Third, the LSJML has been proactive in challenging the validity of its own strategy with respect to biases or invalid match generation by undertaking a number of quantitative statistical evaluations. It is worthy to note that the databanking and match review strategies for targets arising from mixtures of various levels of complexity generate valid candidate matches in comparable proportions to single-source targets (for which match validity is automatic), with similar levels of effort (i.e., working time required to evaluate the matches) see (Noël et al., 2009) and (Lavergne et al., 2008) for details. For instance, less than 12% of candidate matches produced with the Forensic Unknown and Forensic Mixture indexes (Figure 2) are rejected with a “no match” disposition after review. One critical aspect is that mixtures must be of good quality, namely show good peak intensities. Moreover, the LSJML has begun to perform experimental tests by searching two-person mixtures with up to 13 mixed loci against the Florida data bank constituted of nearly 500,000 convicted offender profiles. Because of the geographical (~2000 km) and country barriers between Québec and Florida, it is expected that almost any eventual match would be fortuitous. Corroborating above conclusions, these mixtures did not return more candidate matches than less complex ones. Moreover, all candidate matches were rejected independently (i.e., not in concert) by four reporting scientists. Finally, the lab, in collaboration with others, is presently evaluating an alternative to the current selection procedure for uploading mixtures to the NDDB. The new approach would be based on the number of expected matches accounting for the COI size and is implemented in the CODIS Match Estimator® module.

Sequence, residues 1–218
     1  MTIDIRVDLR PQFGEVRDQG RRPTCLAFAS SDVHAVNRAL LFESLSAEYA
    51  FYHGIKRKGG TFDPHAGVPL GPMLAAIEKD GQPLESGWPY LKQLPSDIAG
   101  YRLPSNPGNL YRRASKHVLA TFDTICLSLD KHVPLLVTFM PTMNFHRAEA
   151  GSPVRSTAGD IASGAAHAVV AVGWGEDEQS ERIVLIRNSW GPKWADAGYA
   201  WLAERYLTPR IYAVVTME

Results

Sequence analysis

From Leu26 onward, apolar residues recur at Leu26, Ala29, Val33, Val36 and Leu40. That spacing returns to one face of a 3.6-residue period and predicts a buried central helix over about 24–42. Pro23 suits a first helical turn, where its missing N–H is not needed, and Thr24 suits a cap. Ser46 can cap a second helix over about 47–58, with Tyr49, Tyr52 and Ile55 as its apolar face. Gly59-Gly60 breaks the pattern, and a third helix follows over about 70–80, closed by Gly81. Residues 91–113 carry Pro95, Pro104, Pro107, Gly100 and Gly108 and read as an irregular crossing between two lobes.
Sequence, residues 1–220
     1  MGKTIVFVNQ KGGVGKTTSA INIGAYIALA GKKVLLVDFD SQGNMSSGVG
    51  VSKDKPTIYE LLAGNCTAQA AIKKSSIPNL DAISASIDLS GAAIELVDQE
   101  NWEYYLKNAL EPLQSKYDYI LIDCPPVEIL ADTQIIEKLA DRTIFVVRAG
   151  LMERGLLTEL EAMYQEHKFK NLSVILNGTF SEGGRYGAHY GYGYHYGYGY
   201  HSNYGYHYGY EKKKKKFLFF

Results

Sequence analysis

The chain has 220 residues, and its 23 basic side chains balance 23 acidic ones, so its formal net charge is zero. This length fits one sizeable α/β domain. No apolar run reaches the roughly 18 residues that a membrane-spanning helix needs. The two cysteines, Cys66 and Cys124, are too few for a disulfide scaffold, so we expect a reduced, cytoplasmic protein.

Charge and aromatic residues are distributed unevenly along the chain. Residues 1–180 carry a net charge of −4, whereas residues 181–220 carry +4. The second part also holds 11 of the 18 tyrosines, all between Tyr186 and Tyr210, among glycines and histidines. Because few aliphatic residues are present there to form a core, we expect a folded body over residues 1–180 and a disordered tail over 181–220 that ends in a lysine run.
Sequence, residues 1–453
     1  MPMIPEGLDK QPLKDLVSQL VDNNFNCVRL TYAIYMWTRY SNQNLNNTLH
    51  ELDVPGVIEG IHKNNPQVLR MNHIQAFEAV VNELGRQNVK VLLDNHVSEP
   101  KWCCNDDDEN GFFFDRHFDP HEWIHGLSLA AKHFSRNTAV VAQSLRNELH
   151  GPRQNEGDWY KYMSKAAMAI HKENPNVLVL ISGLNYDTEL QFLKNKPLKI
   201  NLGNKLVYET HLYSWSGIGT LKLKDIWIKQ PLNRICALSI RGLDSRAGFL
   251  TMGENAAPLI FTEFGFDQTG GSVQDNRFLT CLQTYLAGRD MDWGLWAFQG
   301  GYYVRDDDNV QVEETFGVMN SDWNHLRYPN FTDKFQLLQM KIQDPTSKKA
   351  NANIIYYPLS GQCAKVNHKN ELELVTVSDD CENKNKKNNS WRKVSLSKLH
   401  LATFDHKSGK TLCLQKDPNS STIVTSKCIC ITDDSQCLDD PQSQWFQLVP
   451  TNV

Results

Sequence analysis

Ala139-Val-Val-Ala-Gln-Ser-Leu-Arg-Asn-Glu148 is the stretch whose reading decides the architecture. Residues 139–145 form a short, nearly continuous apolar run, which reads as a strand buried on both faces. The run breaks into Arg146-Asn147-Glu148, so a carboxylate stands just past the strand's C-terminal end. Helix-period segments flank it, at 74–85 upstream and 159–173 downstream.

At this time, open discussion between LSJML and academic partners to better assess the potential hazards of inducing these databanking policies with respect to confirmations bias are currently underway. Nevertheless, an understanding of this strategy with respect to a possible future goal toward forensic intelligence should be kept in mind (Ribaux et al., 2006; Pham-Hoi et al., 2013). On the other hand, limiting decisions into whether identification was correct or not by only using pure profiles may provide a sense of security. However, this also leads to the restricted use of the information available, with potentially pertinent information discarded when solving everyday crimes. It is currently unclear what the consequences of refusing to tackle these issues will have on victims, and consequently on justice, who also has a validating role to play in this area.
Nevertheless, a fine-tuned approach, specific to the various types of casework (sexual assault, homicide, burglary, high-volume crimes, etc.) definitely needs to be addressed to better, and more rigorously, assess the consequences these changes will have on the whole process of identification.
Beyond the Present DNA Practice